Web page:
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'Pristine' Mekong sets no alarm bells ringing

'Pristine' Mekong sets no alarm bells ringing

The Mekong River shows surprising signs of health, but officials from the regional Mekong River Commission (MRC) warned that a lack of available data meant trouble could be lurking beneath the surface. That was the finding in the MRC's first State of the Basin Report, which was released on August 27.

"As far as it looks today, there is no reason to ring the alarm bells," said MRC chief executive Joern Kristensen. "You have a pristine river compared to other rivers in the world."

However the MRC's scientists said more research was necessary in order to understand the river's ecology and the effects it has on Cambodia, Laos, Burma, Vietnam and Thailand.

Earlier this year, the MRC launched the first long-term studies to provide a comprehensive assessment of the ecological health of the river. Initial results surprised researchers.

"The changes we found in the river were not the ones we expected to find," said Ian Campbell, a river ecologist at MRC. "We need to spend more time to work out the implications."

The research indicates that the average water flows in the Mekong in recent decades have risen during the dry season and fallen during the wet season-a potential boon for farmers, fishermen and those living in flood-prone areas. Additionally, expected increases in river-borne silt and saline levels have not materialized despite rapid deforestation and development.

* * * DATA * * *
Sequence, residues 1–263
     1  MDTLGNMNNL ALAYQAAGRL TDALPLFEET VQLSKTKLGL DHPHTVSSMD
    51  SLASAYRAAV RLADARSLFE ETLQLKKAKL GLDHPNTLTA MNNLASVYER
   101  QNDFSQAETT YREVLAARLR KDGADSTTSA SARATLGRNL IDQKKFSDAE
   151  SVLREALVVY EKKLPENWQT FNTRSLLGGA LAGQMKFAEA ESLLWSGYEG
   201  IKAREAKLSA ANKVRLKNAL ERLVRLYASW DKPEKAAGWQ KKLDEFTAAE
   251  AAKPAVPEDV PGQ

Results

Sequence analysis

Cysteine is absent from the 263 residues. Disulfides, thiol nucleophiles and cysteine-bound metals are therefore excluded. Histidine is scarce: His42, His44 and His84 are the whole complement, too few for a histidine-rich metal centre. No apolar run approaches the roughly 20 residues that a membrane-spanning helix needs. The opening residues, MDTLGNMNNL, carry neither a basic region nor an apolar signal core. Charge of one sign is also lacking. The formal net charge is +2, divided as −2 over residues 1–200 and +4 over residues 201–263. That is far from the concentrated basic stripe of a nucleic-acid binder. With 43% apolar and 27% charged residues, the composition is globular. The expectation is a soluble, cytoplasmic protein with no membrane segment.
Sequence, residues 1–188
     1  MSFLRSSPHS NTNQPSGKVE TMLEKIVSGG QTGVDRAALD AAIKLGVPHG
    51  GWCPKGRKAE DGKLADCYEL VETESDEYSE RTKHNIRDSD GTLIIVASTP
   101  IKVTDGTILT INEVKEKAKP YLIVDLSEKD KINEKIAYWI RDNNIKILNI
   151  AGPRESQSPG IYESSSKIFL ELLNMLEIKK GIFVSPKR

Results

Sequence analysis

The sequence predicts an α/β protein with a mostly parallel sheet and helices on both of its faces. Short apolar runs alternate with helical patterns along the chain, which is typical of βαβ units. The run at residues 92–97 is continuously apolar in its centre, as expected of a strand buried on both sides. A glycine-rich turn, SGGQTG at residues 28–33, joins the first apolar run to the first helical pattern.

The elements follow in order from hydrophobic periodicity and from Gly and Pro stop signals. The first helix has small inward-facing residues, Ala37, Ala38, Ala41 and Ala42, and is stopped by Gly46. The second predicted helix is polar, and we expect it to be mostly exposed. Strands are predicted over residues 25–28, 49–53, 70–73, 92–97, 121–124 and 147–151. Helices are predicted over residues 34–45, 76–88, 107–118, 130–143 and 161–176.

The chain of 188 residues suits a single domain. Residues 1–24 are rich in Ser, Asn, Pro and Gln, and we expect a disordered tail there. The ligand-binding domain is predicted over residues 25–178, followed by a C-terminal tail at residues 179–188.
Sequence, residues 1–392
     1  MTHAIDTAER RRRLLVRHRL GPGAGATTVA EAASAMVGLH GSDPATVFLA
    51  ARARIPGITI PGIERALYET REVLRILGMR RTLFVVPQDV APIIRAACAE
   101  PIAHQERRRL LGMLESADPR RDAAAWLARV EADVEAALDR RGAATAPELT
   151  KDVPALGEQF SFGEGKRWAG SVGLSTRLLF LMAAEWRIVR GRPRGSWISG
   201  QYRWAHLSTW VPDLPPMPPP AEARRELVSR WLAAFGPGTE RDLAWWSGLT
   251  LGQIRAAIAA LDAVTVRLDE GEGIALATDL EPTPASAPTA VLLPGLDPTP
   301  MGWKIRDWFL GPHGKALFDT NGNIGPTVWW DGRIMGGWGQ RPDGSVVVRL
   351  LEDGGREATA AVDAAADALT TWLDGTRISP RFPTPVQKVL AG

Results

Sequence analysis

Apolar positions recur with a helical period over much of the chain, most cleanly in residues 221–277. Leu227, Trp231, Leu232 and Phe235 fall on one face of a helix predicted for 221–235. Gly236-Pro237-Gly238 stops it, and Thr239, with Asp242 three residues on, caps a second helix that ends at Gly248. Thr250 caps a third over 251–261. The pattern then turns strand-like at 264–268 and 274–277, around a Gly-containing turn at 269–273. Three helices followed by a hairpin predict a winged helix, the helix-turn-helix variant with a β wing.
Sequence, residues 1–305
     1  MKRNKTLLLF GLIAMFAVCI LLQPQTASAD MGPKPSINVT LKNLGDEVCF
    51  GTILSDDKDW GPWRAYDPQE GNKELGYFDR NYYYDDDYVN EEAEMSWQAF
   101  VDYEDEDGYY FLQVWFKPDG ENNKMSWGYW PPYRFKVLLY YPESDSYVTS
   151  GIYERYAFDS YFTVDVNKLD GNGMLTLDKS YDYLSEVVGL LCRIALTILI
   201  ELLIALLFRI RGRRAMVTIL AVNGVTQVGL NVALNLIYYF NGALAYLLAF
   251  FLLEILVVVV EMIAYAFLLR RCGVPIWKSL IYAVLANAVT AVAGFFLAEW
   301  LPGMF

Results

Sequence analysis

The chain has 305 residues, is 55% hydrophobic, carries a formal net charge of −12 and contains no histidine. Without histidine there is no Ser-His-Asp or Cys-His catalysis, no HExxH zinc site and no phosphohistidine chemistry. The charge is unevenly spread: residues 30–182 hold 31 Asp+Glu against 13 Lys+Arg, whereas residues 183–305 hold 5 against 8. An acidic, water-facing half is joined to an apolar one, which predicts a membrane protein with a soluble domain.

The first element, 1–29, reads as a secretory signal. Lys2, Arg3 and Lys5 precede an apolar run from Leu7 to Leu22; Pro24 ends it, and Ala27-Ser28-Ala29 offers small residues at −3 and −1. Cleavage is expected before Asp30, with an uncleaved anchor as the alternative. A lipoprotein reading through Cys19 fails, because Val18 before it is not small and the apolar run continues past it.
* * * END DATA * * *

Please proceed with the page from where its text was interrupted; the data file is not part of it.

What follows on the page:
The scientists said that was likely due to the more than 20,000 small irrigation works built on the river and its tributaries. The small dams and levies moderate extremes in seasonal water flow and catch silt headed downstream. The report also put to rest rumors that the Tonle Sap will fill up with silt by the next century. MRC estimates that at present rates the process will take at least another 10,000 years.

The report highlighted the growing importance of fisheries and wetlands under threat by development. The population in the Lower Mekong Basin is expected to grow from 55 million today to 90 million in 2025. Fisheries in particular will bear the strain of feeding millions of people who rely on fish for their protein. The river already provides an annual harvest of two million metric tons of fish worth $1.4 billion.

And although the total catch in Cambodia has almost doubled since the middle of the century, individual fisherman now catch just half of what they once did. A typical haul today consists of fish with one or two-year life cycles rather than longer-living species that, at least in the case of the giant Mekong catfish, have been nearly wiped out.

The report also stressed that the use of pesticides and the presence of toxins such as heavy metals are a long-term concern for fisheries. The use of agricultural chemicals in Thailand has already forced that country to import some species from less polluted countries such as Cambodia. A cascade of dams to be built on the upper reaches of the Mekong in China also threatens the river's health.

Campbell said governments needed quality information to help them understand the problems and effectively deal with them.

"The biggest issue is how the water is used, where it is used and what it is used for," he said.

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